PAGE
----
Sign, verify, encrypt and decrypt using the Secure Enclave

Elliptic Curve Key Pair

Sign, verify, encrypt and decrypt using the Secure Enclave on iOS and MacOS.

macOS 10.12.1 support iOS 9 support Swift 3 and 4 support Carthage compatible Cocoapods compatible


  • create a private public keypair
  • store the private key on the secure enclave
  • store the public key in keychain
  • each time you use the private key the user will be prompted with FaceID, TouchID, device pass code or application password
  • export the public key as X.509 DER with proper ASN.1 header / structure
  • verify the signature with openssl in command line easily

Supports FaceID, TouchID, device pass code and application password.


Using the Security Framework can be a little bit confusing. That’s why I created this. You may use it as example code and guidance or you may use it as a micro framework.

I found it tricky to figure out how to use the SecKeyRawVerify, SecKeyGeneratePair and SecItemCopyMatching C APIs in Swift 3, but the implementation is quite straight forward thanks to awesome Swift features.



Just drag Sources/EllipticCurveKeyPair.swift and Sources/SHA256.swift file into your Xcode project.


pod EllipticCurveKeyPair


github "agens-no/EllipticCurveKeyPair"

Use cases

There are lots of great possibilities with Secure Enclave. Here are some examples


  1. Encrypt a message using the public key
  2. Decrypt the message using the private key – only accessible with FaceID / TouchID / device pin

Only available on iOS 10 and above


  1. Sign some data received by server using the private key – only accessible with FaceID / TouchID / device pin
  2. Verify that the signature is valid using the public key

A use case could be

  1. User is requesting a new agreement / purchase
  2. Server sends a push with a session token that should be signed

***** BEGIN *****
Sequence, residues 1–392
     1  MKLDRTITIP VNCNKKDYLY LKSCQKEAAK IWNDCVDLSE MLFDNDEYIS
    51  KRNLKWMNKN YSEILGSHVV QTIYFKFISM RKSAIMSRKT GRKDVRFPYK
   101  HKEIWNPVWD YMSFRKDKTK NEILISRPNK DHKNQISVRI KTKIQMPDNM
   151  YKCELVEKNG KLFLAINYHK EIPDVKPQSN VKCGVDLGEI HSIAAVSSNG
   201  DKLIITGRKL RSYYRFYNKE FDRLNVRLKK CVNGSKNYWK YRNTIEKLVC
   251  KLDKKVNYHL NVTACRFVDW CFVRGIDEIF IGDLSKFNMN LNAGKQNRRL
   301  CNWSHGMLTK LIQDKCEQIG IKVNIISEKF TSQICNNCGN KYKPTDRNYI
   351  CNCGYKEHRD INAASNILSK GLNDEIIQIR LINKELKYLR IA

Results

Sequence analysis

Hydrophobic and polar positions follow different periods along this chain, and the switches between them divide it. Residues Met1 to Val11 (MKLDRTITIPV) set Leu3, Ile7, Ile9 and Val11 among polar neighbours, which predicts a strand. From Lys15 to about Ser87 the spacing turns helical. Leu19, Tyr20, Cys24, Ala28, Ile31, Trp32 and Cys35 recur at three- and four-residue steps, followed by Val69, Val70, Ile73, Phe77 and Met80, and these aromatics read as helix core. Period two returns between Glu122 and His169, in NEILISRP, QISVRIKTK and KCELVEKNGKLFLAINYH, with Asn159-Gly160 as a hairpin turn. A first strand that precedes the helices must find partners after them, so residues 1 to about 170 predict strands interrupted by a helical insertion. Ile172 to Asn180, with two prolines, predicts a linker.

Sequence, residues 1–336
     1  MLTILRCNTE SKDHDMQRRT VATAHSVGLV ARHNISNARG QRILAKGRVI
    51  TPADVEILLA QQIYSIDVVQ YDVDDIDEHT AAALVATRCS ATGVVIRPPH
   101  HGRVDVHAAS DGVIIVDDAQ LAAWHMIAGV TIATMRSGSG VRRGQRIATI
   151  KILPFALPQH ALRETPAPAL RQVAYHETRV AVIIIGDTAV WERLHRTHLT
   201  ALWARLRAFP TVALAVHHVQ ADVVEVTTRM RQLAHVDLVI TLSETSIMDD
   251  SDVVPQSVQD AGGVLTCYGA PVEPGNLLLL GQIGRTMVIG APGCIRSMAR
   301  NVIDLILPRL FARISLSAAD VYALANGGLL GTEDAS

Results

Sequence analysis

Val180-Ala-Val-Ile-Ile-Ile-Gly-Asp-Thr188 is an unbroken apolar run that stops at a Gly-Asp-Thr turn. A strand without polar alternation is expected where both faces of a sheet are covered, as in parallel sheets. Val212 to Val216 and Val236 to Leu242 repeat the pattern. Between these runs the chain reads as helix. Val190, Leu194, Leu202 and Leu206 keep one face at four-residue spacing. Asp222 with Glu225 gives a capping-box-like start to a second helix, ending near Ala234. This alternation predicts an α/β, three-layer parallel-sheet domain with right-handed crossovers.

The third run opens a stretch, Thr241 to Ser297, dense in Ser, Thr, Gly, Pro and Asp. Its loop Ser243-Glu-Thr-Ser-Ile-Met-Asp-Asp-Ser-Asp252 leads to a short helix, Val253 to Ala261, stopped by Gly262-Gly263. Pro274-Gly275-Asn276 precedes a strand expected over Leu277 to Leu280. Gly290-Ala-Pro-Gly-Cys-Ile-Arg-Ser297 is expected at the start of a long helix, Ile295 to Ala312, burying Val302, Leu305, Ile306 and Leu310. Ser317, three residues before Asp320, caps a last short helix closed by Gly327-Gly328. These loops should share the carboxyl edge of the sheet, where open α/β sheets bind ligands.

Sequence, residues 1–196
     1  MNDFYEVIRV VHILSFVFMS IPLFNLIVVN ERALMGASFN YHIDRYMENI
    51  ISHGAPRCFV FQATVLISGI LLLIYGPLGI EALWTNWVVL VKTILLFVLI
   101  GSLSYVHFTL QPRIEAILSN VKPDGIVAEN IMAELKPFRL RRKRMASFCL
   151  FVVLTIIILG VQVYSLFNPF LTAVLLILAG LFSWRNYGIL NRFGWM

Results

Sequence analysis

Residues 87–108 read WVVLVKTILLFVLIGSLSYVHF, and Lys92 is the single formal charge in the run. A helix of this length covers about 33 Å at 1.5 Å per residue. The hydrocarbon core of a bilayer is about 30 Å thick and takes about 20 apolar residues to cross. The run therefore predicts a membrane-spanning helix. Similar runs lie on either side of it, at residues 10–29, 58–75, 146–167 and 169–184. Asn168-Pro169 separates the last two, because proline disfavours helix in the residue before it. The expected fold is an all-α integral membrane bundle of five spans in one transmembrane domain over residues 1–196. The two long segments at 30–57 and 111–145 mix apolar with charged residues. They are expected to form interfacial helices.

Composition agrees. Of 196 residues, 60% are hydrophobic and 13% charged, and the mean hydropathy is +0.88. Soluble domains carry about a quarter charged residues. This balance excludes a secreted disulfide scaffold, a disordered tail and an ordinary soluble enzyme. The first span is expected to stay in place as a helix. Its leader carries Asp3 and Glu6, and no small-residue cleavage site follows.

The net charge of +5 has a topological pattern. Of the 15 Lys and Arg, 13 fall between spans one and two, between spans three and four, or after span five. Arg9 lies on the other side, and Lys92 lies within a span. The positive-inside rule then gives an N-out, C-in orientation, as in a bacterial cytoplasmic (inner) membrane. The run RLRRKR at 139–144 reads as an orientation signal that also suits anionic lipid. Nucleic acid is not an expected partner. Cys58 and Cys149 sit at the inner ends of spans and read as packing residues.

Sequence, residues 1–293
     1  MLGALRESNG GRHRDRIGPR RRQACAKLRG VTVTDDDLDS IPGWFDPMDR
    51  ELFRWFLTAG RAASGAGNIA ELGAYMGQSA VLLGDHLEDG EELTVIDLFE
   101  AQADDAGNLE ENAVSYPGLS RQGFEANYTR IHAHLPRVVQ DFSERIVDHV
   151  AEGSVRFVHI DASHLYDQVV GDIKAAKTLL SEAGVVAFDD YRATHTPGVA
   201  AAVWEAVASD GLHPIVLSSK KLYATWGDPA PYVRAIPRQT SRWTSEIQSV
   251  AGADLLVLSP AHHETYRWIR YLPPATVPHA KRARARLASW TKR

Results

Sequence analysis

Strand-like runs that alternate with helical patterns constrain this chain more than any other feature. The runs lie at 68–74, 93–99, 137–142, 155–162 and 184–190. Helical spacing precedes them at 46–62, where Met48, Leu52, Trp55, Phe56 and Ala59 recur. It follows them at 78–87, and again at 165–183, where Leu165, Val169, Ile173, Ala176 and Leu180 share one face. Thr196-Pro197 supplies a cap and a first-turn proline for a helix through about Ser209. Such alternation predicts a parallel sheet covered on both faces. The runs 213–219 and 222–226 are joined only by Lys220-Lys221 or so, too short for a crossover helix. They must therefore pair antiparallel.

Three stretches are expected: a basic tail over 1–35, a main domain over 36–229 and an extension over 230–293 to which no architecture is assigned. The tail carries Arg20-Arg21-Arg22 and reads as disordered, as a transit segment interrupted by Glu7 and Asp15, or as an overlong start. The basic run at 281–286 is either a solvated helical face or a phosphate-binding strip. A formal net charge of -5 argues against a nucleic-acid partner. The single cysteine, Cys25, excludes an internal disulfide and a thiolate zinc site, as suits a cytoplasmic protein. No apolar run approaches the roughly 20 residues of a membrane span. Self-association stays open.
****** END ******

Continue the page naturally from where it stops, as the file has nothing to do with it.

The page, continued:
3. On device we sign the session token using the private key - prompting the user to confirm with touch id
  4. The signed token is then sent to server
  5. Server already is in possession of the public key and verifies the signature using the public key
  6. Server is now confident that user signed this agreement with touch id


For more examples see demo app.

Creating a keypair manager

struct KeyPair {
    static let manager: EllipticCurveKeyPair.Manager = {
        let publicAccessControl = EllipticCurveKeyPair.AccessControl(protection: kSecAttrAccessibleAlwaysThisDeviceOnly, flags: [])
        let privateAccessControl = EllipticCurveKeyPair.AccessControl(protection: kSecAttrAccessibleAfterFirstUnlockThisDeviceOnly, flags: [.userPresence, .privateKeyUsage])
        let config = EllipticCurveKeyPair.Config(
            publicLabel: "payment.sign.public",
            privateLabel: "payment.sign.private",
            operationPrompt: "Confirm payment",
            publicKeyAccessControl: publicAccessControl,
            privateKeyAccessControl: privateAccessControl,
            token: .secureEnclave)
        return EllipticCurveKeyPair.Manager(config: config)

You can also gracefully fallback to use keychain if Secure Enclave is not available by using different access control flags:

let privateAccessControl = EllipticCurveKeyPair.AccessControl(protection: kSecAttrAccessibleAfterFirstUnlockThisDeviceOnly, flags: {
    return EllipticCurveKeyPair.Device.hasSecureEnclave ? [.userPresence, .privateKeyUsage] : [.userPresence]

In that case you need to remember to set token variable in Config object to .secureEnclaveIfAvailable.

Getting the public key in DER format

do {
    let key = try KeyPair.manager.publicKey().data().DER // Data
} catch {
    // handle error

See demo app for working example

Getting the public key in PEM format

do {
    let key = try KeyPair.manager.publicKey().data().PEM // String
} catch {
    // handle error


do {
    let digest = "some text to sign".data(using: .utf8)!
    let signature = try KeyPair.manager.sign(digest, hash: .sha256)
} catch {
    // handle error

You may also pass a LAContext object when signing


do {
    let digest = "some text to encrypt".data(using: .utf8)!
    let encrypted = try KeyPair.manager.encrypt(digest, hash: .sha256)
} catch {
    // handle error

Encrypting on a different device/OS/platform

You can also encrypt on a different device/OS/platform using the public key. If you want to know all the details about how to encrypt in a format the Secure Enclave understands, then you need definitely need to read this great write up by @dschuetz!